Beth Felker Jones makes the point that “if committing violence against the one who is supposed to be ‘one flesh’ with you isn't a violation of God's intentions for marriage as a faithful, one flesh union, I don't know what is.” 6
Rev Dr Michael Jensen agrees that spousal abuse is an entirely biblical ground for separation and divorce. He says, “in attempting to stand against the trivialisation of marriage and to stand for persistence in marriage, the Christian community and its leaders should not be heard to be insisting that a person suffering physical or emotional abuse has to stay to be further victimised.” 7
Using an interpretation of scripture to keep an abused spouse from leaving the marriage – for example, Paul’s direction that “a wife must not separate from her husband” (1 Cor 7:10) fails to recognise the context of Paul’s command: he is urging Christians not to abandon marriage out of concern for purity or from a desire for a holy singleness (see 1 Cor 7:1).
When a person has been abused by their spouse, they are faced with the decision whether to remain in their marriage, sometimes at the risk of their lives or harm to their children. Under such harrowing circumstances, divorce is always complex decision that requires physical, spiritual, and emotional support. Church communities should model God’s compassion by offering this support wholeheartedly to anyone trying to escape an abusive relationship.
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Forgiveness is one of the core tenets of the Christian faith – it is vital to who we are as believers. However, the doctrine of forgiveness has often been misused to pressure victims back into their abusive relationships without adequate consequences and accountability for the perpetrator.
Victims are never called to submit to domestic violence and to forgive their abuser by enduring in silence. The Bible never sanctifies avoidable suffering - Jesus was sacrificially selfless, but he was not a victim. He repeatedly escaped from situations where he would have been physical assaulted by Jewish authorities, and both King David and the apostle Paul repeatedly fled physically abusive situations. The only kind of abuse the Bible recognises as redemptive is that which is unavoidable, and results from the victim’s godly character (1 Peter 1).
Superficial understandings of forgiveness can do enormous harm to victims. Too many times, Christians have been asked to reinstate their abusive partner to their former role after forgiving them. This has put the victim back in harm’s way, and the perpetrator back in power.
Churches should never use the biblical call to forgiveness to encourage someone to return to a situation where they are at risk of abuse. Paul used the word ‘reconciliation’ to describe the ending of hostility in a relationship (2 Cor 5:17-21, Eph 2:11-18). Reconciliation in an abusive marriage can only ever occur once the abuser has stopped their violence and done whatever is necessary not to return to the abusive patterns of the past.
Furthermore, the pattern of forgiveness in Luke 17:3-4 makes it clear that forgiveness is a process that always holds an abuser accountable for their actions. This may take the form of legal consequences. It could mean the dissolution of their relationship. It must involve repentance and restitution.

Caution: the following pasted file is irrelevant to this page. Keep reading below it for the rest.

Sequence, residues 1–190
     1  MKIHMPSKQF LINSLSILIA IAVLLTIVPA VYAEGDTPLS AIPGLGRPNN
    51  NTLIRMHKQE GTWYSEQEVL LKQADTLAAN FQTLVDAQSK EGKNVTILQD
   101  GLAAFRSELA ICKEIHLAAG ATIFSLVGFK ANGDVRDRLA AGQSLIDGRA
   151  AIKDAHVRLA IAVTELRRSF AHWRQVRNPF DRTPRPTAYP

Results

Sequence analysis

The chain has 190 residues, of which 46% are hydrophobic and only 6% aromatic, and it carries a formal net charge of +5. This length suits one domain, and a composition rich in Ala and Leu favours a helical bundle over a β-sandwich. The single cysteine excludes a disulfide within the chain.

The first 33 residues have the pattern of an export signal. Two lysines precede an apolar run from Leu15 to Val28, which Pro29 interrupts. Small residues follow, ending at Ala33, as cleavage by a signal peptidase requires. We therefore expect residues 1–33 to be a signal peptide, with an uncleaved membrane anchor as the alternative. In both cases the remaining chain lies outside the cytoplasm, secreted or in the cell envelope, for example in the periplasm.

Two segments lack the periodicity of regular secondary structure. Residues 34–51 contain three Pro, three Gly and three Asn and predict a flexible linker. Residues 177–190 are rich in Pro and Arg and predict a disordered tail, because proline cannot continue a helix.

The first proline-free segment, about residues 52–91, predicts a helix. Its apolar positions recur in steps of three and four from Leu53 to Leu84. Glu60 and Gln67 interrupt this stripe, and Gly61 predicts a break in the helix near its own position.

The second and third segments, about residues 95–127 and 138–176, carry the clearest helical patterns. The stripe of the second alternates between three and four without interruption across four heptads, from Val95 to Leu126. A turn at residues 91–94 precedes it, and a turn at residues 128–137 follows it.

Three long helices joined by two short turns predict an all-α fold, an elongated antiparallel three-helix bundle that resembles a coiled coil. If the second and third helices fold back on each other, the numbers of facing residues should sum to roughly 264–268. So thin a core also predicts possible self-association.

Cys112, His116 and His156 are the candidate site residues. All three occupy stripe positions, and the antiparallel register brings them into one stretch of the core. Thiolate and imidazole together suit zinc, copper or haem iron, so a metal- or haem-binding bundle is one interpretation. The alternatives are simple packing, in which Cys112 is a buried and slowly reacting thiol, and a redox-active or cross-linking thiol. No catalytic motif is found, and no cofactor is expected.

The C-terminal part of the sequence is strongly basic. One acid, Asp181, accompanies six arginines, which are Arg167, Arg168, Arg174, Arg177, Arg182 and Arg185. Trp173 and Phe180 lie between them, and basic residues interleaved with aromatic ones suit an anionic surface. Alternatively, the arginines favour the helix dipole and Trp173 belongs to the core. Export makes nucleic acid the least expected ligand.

Even if repentance has truly occurred, reconciliation might not always be appropriate and will certainly require new boundaries and expectations. It is entirely possible the relationship may never recover.
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The Bible says that God hates abuse, viewing it as sinful and unacceptable and “delights in rescuing the oppressed” (2 Sam. 22:49). This testimony isn’t always easy for us to believe, though. In daily life, many abuse sufferers can struggle to see God at work as they cry out asking to be rescued, just as David did many times in the Psalms.
Holding this tension is important. Suffering and pain are real, but deliverance is real, too — even if it doesn’t come when or how we wish it did. Jesus says:
“The Spirit of the Lord is on me, because he has anointed me to proclaim good new to the poor. He has sent me to proclaim freedom for the prisoners, and recovery of sight for the blind, to set the oppressed free, to proclaim the year of the Lord’s favour” Luke 4:18-19
Jesus’ ministry bears this out: he heals the sick, seeks out and welcomes the excluded, notices and cares for the lowly. Healing is a key part of Jesus’ ministry and of the Kingdom of God.
Anglican Minister Erica Hamence writes how healing is often a frustrating process and is neither simple nor easy. 8 She says that in response to the pain and trauma that many of us have experienced, she finds comfort in the words of Revelation:
“He will wipe every tear from their eyes. There will be no more death, or mourning or crying or pain, for the old order of things has passed away.” Revelation 21:4
“On each side of the river stood the tree of life, bearing twelve crops of fruit, yielding its fruit every month. And the leaves of the trees are for the healing of the nations.” Revelation 22:2
Despite how it may seem at times, God is not standing around to watch evil run its course. He will not allow evil to have the final word. There will be a reckoning.
When the darkness will not lift, there is hope because God knows our circumstances. He will respond to evil with justice, redemption and renewal.
Trust that God will direct our emotional healing in a wise and timely way. Know that his promises are still true, and because his promises are true, hope cannot be extinguished.